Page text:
But Brewer's family cannot reconcile this Walter Lomax with the Walter Lomax from almost four decades ago.
He was 21 when he faced trial in the Brewer killing. Carmen Lott was 18 then. She remembers sitting on a courtroom bench. She remembers him being cocky and cold.
He had been convicted as a teenager of unauthorized use of a vehicle and of assault and robbery for participating with a group of about 10 youths in beating up a man walking home from a bar.
Then, as a young man, Lomax was charged with the killings of three men in 1967. He was accused of killing Melvin Saunders, 46, on Nov. 27 at a tavern on Belair Road, Jesse L. Atkinson, 45, on Dec. 2 at a bar in Brooklyn and Brewer, 56, later that night at the nearby food market.
Lott said her grandfather was a compassionate man who would have done anything to help anyone. She said the toll his death took on her grandmother was immense - leaving her too frightened to ever work again and prompting her to sell the family's home, which was behind the market.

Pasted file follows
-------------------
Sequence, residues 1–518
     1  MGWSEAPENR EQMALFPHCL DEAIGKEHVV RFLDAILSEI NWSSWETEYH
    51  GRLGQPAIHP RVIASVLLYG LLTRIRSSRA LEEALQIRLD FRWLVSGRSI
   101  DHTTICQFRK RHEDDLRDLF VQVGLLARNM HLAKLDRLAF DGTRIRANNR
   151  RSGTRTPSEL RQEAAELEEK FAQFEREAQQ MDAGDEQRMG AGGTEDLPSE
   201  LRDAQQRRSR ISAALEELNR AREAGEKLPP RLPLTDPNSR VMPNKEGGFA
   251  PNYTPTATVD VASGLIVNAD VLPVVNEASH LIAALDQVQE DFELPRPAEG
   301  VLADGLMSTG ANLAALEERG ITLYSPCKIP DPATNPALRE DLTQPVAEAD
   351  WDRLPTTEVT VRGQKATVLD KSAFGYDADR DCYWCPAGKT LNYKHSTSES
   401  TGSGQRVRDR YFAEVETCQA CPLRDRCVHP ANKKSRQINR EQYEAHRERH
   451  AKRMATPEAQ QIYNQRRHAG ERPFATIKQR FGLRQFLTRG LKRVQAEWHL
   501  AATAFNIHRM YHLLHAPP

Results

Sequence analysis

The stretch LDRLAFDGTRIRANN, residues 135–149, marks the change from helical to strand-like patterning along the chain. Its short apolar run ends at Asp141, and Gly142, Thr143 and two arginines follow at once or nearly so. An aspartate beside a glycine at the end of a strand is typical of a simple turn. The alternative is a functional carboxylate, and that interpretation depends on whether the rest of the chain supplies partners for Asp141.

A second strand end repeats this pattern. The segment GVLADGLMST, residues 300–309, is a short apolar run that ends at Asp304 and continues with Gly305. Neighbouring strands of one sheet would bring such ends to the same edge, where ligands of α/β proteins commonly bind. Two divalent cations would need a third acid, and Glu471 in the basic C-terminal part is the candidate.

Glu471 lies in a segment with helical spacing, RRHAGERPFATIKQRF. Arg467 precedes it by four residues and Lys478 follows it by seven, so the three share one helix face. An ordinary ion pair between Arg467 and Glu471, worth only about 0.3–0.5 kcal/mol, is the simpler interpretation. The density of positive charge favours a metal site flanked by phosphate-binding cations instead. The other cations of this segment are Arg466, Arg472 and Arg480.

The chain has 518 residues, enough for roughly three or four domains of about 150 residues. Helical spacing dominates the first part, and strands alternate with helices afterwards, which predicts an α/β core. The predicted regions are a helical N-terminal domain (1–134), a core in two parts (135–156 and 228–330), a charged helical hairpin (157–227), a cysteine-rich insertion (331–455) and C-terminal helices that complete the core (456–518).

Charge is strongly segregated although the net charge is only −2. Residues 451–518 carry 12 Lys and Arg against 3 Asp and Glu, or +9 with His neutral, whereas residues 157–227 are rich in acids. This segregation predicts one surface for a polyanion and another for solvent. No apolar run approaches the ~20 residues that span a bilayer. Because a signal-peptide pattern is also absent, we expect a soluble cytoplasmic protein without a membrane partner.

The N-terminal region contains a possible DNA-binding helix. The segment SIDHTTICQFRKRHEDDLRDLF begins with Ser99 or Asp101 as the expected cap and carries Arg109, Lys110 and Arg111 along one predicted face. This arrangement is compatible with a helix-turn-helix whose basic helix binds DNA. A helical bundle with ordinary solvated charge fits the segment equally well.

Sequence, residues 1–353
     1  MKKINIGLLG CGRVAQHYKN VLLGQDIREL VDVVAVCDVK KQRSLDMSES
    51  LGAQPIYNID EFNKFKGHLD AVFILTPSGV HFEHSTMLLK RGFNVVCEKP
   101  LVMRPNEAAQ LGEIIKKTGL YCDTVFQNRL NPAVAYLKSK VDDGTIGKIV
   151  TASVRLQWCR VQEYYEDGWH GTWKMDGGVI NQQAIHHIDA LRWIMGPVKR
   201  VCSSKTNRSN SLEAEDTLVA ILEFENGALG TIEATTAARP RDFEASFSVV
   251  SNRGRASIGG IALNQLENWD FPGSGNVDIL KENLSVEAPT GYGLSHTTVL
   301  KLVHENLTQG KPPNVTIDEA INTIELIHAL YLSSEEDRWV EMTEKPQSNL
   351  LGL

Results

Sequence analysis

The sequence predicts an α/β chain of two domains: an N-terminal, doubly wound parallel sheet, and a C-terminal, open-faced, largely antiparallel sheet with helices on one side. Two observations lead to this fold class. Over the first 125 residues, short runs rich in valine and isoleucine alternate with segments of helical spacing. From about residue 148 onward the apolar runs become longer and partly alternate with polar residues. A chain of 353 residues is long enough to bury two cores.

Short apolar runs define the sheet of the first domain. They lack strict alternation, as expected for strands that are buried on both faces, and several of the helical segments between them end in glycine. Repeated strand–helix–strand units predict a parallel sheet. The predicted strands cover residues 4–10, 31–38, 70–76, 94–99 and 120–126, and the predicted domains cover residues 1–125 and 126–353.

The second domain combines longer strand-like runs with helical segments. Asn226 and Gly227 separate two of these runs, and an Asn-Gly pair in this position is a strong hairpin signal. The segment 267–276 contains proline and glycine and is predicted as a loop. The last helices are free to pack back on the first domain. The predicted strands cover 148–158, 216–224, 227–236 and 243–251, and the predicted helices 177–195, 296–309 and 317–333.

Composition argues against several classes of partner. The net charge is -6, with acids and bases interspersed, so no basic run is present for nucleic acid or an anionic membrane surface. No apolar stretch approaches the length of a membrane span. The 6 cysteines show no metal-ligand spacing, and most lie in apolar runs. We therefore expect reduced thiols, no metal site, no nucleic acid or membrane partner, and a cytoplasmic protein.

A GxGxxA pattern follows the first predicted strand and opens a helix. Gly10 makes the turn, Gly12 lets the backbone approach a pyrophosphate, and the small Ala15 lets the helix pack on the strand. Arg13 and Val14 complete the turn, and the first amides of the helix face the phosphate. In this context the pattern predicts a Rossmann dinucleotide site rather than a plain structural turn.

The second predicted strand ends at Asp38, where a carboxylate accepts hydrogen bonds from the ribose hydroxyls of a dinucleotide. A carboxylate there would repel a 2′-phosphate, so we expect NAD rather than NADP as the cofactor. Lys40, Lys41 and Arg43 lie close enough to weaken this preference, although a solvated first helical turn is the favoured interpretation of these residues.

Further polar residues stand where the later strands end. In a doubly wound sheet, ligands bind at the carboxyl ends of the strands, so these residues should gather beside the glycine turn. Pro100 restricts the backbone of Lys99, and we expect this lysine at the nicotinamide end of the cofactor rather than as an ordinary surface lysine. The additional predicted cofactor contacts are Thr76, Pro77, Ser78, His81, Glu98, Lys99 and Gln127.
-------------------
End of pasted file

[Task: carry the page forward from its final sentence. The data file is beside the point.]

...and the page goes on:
Prosecutors tried the Brewer shooting first and after winning a conviction and sentence of life in prison, they dropped the other two cases.
Melody Gerst was 14 years old when she and her mother sat in a car outside Giles Food Market in the 3600 block of 10th St. Her father had run into the store to pick up medicine, but then the girl and her mother noticed it was being held up.
Gerst testified at Lomax's trial, and she attended yesterday's hearing, though she did not speak.
"There's no doubt in my mind that the person I saw was Walter Lomax," she said afterward. "You don't forget that kind of thing."
Lott said her grandmother, Frances Brewer, who worked at the food market and was behind a mirrored window, expressed similar certainty about who the killer was.
"She watched everything," Lott said. "She said she would never forget his face."
Frances Brewer died four years ago. Gerst was interviewed years ago by Centurion Ministries, the Princeton, N.J.-based group that worked for more than a decade to gain Lomax's freedom. But she said that she was not aware of what became of Lomax until she read about his release in the newspaper.